d. Provision of information via The ASHA Leader, ASHA Division Perspectives, Web forums, etc.
Given the wide range of areas of SLP involvement in the de- livery of dysphagia services in the school setting, and the barriers identified by school-based SLPs currently providing services to students with dysphagia, the questionnaire results offer rather clear direction with regard to next steps for the profession based on the expressed needs of SLPs.4
DISCUSSION AND CONSIDERATIONS FOR ETHICALLY RESPONSIVE PLANNING FOR THE PROVISION OF SERVICES IN SCHOOL SETTINGS TO STUDENTS WITH DYSPHAGIA
SLPs involved with school-based dysphagia services should be familiar with ASHA’s Scope of Practice in Speech-Language Pathology (2001b), Preferred Practice Patterns for the Profession of Speech-Language Pathology (2004c), and Code of Ethics (2003a). ASHA’s Scope of Practice in Speech-Language Pathology defines areas of professional practice for, and services rendered by, ASHA-certified SLPs. It is a statement to various “publics” (e.g., other professionals, consumers, regulators, educators, health care personnel), and a reminder to SLP practitioners themselves, of what SLPs are competent to do based on their education, training, and experience. ASHA’s Preferred Practice Patterns for the Profession of Speech-Language Pathology defines activities (such as #40 Swallowing and Feeding Assessment—Children, or #41 Swal- lowing and Feeding Intervention—Children) that fall within the SLP scope of practice and current practice patterns that would “ap- ply across all settings in which the procedure is performed” (p. iii). The setting in which SLPs work does not “define” scope of prac- tice. In other words, there is not a “scope of practice” for schools or hospitals or other practice settings. The setting in which SLPs work, however, often influences how services in the professional scope of practice are carried out. To illustrate, ASHA’s Guidelines for the Roles and Responsibilities of the School-Based Speech-Language Pa- thologist (2000b), while consistent with ASHA’s scope of prac- tice and preferred practice patterns, addresses issues, practices, and roles that are specific to school-based SLPs; and, pertinent for this discussion, addresses swallowing intervention in the school setting.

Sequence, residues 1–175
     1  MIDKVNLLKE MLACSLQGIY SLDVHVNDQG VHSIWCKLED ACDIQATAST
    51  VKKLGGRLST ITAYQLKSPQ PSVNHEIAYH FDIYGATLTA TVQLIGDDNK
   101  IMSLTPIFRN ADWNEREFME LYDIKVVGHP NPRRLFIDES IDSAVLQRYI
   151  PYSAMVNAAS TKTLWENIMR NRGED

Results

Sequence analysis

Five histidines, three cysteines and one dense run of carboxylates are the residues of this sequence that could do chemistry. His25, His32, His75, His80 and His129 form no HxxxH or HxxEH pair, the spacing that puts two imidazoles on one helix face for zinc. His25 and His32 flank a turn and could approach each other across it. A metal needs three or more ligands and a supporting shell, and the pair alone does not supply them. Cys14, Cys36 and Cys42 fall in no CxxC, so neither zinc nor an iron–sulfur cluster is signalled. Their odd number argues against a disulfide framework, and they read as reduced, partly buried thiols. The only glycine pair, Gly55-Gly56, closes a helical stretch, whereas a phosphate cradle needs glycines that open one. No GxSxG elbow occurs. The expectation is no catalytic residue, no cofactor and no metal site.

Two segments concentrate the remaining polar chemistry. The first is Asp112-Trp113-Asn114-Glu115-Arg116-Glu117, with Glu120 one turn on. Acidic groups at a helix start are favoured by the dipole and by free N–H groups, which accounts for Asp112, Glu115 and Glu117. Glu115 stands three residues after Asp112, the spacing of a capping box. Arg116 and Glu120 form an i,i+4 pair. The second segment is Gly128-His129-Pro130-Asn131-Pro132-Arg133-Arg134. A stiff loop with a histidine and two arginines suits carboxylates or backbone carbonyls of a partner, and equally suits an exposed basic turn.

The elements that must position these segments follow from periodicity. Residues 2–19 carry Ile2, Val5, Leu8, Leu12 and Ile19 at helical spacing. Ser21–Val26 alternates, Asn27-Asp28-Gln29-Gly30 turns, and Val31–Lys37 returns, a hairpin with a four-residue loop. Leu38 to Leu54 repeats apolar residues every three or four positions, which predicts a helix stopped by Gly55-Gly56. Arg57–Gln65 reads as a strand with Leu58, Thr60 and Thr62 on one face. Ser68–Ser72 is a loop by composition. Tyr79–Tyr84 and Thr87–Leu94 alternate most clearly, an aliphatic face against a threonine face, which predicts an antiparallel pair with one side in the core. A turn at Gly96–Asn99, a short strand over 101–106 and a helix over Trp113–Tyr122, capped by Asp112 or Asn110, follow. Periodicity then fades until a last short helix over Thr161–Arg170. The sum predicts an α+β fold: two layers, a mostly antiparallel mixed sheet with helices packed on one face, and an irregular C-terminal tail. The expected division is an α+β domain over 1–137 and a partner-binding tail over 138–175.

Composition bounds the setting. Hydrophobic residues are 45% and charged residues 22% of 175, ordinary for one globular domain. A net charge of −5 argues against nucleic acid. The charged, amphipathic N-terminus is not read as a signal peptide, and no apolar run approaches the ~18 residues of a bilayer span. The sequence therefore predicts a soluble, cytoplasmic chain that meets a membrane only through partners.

The ASHA Code of Ethics (2003a) undergirds professional practice. It embraces the profession’s values and defines ethical commitments for ASHA members, whether certified or not; ASHA nonmembers who hold the certificate of clinical competence (CCC); applicants for ASHA membership or certification; or clinical fellows seeking to fulfill standards for ASHA certification.
Education and Competence
Attention to competence is a valid ethical concern in any setting when a client presents with a disorder with which the SLP has had little or no experience. School-based SLPs are asking for more academic and clinical preparation as well as the development of guidelines and competencies for the provision of school-based management of dysphagia (Owre, 2006b). Current ASHA standards for the CCC require demonstration of knowledge in the area of swallowing, including supervised practicum with client populations with various types and severities of communication and/or related disorders (ASHA, 2006b). Those SLPs who were certified before the implementation of current standards may have had limited, perhaps no, preservice education and training. Current certification standards, however, also require all holders of the CCC-SLP to demonstrate continued professional development for maintenance of certification. Thus, even though certified, a need exists for SLPs to seek continuing education in dysphagia.
The ASHA Code of Ethics (2003a) repeatedly speaks to competence on the part of the clinical service provider as well as supervisors of staff who are SLPs:
4The results of this questionnaire were the impetus for ASHA to form a Working Group on Dysphagia in Schools charged with developing a new guidelines document, Guidelines for Speech-Language Pathologists Providing Dysphagia Services in Schools (ASHA, 2007).
Huffman & Owre: Ethical Issues in Providing Services in Schools 171
& “Individuals shall provide all services competently.” (Principle I, Rule A)
& “Individuals shall engage